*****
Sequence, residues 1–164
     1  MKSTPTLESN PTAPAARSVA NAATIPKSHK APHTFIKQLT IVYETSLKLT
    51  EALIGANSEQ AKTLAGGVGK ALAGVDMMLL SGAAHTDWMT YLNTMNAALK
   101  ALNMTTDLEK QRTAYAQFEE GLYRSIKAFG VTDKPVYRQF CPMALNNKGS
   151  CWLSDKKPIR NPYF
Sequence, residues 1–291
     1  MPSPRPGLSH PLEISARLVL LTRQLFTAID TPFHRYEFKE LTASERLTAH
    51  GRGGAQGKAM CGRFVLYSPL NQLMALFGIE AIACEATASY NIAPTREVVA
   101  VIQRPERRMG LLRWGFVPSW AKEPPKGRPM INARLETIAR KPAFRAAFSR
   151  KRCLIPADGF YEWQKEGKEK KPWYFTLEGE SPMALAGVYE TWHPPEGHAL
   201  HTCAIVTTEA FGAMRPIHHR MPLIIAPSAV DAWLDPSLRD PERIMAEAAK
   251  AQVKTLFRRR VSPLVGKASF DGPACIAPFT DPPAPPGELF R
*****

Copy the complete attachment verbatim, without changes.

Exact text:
Sequence, residues 1–164
     1  MKSTPTLESN PTAPAARSVA NAATIPKSHK APHTFIKQLT IVYETSLKLT
    51  EALIGANSEQ AKTLAGGVGK ALAGVDMMLL SGAAHTDWMT YLNTMNAALK
   101  ALNMTTDLEK QRTAYAQFEE GLYRSIKAFG VTDKPVYRQF CPMALNNKGS
   151  CWLSDKKPIR NPYF
Sequence, residues 1–291
     1  MPSPRPGLSH PLEISARLVL LTRQLFTAID TPFHRYEFKE LTASERLTAH
    51  GRGGAQGKAM CGRFVLYSPL NQLMALFGIE AIACEATASY NIAPTREVVA
   101  VIQRPERRMG LLRWGFVPSW AKEPPKGRPM INARLETIAR KPAFRAAFSR
   151  KRCLIPADGF YEWQKEGKEK KPWYFTLEGE SPMALAGVYE TWHPPEGHAL
   201  HTCAIVTTEA FGAMRPIHHR MPLIIAPSAV DAWLDPSLRD PERIMAEAAK
   251  AQVKTLFRRR VSPLVGKASF DGPACIAPFT DPPAPPGELF R